Posts Tagged ‘Ang Lee’

Taking Woodstock: The Poster

April 14, 2009

taking-woodstock

Heavy. (Via Feuilleton)

Gus Van Sant Gets on the Bus

April 13, 2009

electric-kool-aid-acid-testTime Out New York‘s breezy Frame-Up breaks the news that Gus Van Sant will direct the movie of Tom Wolfe‘s Electric Kool-Aid Acid Test. Alas, the story of how the blog found out is about as convoluted as the Sargossa Manuscript. It apparently involves a Tweet about a Tweet from Gus Van Sant. Van Sant had no sooner written that he was directing the movie, when his Tweet disappeared into the cybernetic void. This also describes several acid tests we’ve enjoyed in the past.

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Taking Woodstock: This Film is Not Yet Rated

March 26, 2009

Credit to Ang Lee–the man does not make the same movie twice. He’s gone from The Ice Storm to Crouching Tiger, Hidden Dragon to Brokeback Mountain to Lust, Caution. And don’t forget Hulk, probably the best of the comic movie boom. The Taiwan-born director’s latest is Taking Woodstock, based on the true story of a young Catskills hotelier who helped promoters put on the famed festival in 1969.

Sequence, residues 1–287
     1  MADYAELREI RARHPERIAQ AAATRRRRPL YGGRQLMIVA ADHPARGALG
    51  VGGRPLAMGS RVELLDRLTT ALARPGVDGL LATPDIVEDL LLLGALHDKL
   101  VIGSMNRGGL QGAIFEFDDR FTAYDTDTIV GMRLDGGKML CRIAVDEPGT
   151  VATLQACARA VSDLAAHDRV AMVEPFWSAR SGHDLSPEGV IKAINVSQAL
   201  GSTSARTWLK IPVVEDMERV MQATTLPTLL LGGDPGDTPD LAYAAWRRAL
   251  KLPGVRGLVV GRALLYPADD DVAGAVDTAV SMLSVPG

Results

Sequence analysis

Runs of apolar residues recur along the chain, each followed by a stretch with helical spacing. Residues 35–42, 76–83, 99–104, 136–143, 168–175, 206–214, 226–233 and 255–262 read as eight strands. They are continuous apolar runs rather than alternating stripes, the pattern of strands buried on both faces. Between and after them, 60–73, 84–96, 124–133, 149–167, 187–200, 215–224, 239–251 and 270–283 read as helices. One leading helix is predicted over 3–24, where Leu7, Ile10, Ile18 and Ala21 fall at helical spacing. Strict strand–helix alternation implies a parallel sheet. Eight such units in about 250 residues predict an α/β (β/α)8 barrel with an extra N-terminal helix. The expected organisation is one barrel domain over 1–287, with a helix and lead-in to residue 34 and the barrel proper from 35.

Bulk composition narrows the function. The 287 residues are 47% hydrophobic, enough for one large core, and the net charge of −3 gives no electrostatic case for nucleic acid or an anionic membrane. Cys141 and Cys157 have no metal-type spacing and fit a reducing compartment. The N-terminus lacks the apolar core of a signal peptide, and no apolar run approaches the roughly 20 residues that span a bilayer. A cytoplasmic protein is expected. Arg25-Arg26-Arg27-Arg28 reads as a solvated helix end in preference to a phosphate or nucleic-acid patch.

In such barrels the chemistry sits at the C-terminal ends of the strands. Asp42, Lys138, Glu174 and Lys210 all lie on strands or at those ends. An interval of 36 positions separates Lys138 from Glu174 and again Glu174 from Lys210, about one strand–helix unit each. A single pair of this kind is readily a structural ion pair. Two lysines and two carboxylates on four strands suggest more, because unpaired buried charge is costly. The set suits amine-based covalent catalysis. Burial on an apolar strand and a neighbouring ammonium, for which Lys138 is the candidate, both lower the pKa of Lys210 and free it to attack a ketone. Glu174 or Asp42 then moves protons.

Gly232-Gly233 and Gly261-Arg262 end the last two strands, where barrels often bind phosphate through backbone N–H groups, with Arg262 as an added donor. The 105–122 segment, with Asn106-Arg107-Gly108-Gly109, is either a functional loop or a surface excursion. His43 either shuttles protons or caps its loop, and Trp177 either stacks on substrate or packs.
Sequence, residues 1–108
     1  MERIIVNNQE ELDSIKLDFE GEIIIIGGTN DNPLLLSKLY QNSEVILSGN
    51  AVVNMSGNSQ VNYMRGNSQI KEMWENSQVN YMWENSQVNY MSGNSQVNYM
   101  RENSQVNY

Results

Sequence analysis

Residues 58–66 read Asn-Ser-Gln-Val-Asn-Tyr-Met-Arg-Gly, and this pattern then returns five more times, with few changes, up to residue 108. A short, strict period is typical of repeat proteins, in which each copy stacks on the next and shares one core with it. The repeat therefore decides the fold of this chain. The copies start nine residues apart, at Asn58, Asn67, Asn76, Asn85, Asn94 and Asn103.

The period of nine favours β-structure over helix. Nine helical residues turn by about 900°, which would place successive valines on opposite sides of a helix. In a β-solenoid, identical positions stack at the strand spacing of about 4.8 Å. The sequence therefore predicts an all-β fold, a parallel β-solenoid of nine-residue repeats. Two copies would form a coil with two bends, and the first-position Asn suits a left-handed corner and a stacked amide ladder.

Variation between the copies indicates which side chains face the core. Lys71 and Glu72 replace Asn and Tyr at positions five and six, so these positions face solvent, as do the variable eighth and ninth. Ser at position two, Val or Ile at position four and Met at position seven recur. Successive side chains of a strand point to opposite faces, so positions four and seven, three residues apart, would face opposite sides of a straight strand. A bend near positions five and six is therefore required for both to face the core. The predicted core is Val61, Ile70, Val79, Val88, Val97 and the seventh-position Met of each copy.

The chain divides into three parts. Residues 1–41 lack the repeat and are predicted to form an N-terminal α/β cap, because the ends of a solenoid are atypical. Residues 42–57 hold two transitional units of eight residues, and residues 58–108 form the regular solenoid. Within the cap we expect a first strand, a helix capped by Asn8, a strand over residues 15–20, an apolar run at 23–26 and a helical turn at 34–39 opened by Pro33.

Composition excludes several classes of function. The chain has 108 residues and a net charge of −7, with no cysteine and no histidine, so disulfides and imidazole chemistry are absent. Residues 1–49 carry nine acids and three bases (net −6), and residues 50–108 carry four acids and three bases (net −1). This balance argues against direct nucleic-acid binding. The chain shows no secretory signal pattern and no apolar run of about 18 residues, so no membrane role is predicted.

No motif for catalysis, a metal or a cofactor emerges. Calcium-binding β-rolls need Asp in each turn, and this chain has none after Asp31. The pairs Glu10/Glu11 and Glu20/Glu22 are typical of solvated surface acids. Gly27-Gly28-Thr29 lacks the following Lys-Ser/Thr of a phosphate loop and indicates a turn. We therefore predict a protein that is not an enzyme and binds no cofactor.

Lee never seems to let much of himself show through his movies, although they always feel sincere. Many of his films are written by producing partner James Schamus, who also penned the Taking Woodstock adaptation. Lee uses actors in interesting ways–just dig the gymnastics of Tony Leung Chiu-Wai and Tang Wei in Lust, Caution–and they reward him with memorable performances. (Brokeback Mountain made Heath Ledger‘s legend.) The married director frequently deals in gay themes, and Woodstock‘s tale is no exception. Elliot Tiber’s memoir is also about how he hides his sexuality from his parents, who own the impoverished resort he helps run.
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Watchmen Post Mortem

March 10, 2009

watchmen1Now that the weekend is over and we’ve had a chance to try and wash this glowing blue paint off (ammonia?), the accountants are sifting through the $55 million that Watchmen has taken in. Everybody else is trying to read the film’s future in the entrails. The quick take is that even that many sheckles is still considered a disappointment.

Why? Well, the movie opened up with a massive publicity blitz on a whopping 3600 screens. And there literally wasn’t anything else to watch that weekend. (Even the Los Bros Jonas movie tumbled 80%). Plus, there is the fear that any audience for an adaptation of the 1985 Alan Moore/Dave Gibbons graphic novel will have seen it on Friday and, sated, will be waiting for the upcoming DVD release, the rumored four-hour cut, and the opportunity to sit around naked in their glowing blue paint in the comfort of their own home. Did Alan Moore’s curse work? Will heads roll at Warner Bros.? The pundits have their say after the jump.

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